That is indeed my general impression of Parecon, and indeed I could be wrong in this interpretation.

So let me ask you a very plain question, because I don’t see it really addressed in the Parecon literature I have seen: what are the signs, emergent patterns, which show that any of the Parecon proposals are making progress? What would you say to your troops to give them strength and hope that things are or could move in that ‘right direction’? Where is the directory of Parecon companies and institutions? In contrast, regarding open design communities, here is a list at
<Michel, is it coercive to make murder illegal? Technically, I suppose yes, but it would be a very odd way to criticize laws against murder, don’t you think? Similarly, I assume you are against war, slavery, and perhaps even wage slavery. Would your wanting a world without war, or slavery, or wage slavery, your willingness to seek ways to get to that better world, including struggle, make you coercive? Would you have said the anti apartheid movement, or abolitionists, were crippled by the fact that they had only some values, and others had different values, and those other folks would not get their way if the progressive cause won, so the recalcitrant opponents would thus wind up in some sense being "coerced" by the imposition of the new relations?>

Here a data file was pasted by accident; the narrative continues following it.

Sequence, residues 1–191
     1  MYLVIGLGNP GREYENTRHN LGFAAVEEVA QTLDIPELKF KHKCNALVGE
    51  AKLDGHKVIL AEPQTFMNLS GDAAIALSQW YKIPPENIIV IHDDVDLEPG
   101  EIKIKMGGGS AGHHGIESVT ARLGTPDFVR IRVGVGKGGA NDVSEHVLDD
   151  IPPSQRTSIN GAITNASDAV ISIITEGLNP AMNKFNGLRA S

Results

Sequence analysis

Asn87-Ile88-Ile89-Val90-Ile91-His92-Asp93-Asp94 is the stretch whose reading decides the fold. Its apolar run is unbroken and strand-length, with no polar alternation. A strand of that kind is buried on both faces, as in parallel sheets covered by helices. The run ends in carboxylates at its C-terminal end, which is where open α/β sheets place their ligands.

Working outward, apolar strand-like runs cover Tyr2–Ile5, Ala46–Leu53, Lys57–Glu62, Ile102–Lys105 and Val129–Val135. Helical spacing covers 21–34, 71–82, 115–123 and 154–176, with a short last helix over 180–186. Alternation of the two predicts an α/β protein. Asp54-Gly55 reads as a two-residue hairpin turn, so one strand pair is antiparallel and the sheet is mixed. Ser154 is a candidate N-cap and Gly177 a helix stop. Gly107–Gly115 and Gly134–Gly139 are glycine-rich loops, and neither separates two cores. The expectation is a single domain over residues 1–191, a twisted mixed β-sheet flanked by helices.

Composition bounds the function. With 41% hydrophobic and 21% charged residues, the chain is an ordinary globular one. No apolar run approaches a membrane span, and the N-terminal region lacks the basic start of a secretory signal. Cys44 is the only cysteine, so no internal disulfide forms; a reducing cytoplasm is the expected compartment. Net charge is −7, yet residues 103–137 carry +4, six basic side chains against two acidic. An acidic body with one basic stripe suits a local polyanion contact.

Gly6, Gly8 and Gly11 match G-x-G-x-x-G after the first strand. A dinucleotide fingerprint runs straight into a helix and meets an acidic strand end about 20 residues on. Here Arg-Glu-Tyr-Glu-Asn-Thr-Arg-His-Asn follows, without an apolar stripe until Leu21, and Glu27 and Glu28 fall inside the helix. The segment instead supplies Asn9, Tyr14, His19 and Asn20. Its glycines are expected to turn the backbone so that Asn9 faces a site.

I totally agree with this Albert, my arguments against coercion are not meant to be absolutes. Obviously, coercion is part of human life and sometimes necessary. But specifically, I’m talking about how to obtain a thing like balanced job complexes outside of voluntary agreement. Since there is not much evidence that it is happening, I can only imagine it happening by a revolution, and one that is under the exclusive control of say the bottom 20%, since the others would want to escape from it. My argument is really about radical ideas that go ‘against the grain’ of generalized human practice. Peer to peer would work slightly differently in my opinion: since most conceptual and design work would be done through the voluntary contributions to open design communities, and since at some point a basic income would make sense, automatically, the lower end jobs would get higher pay, and effort sharing schemes like the ones proposed by Christian Siefkes, would be set up to solve the problem. The difference is one between a gradual approach based on relative maturation of the social system, versus instituting them ‘by fiat’.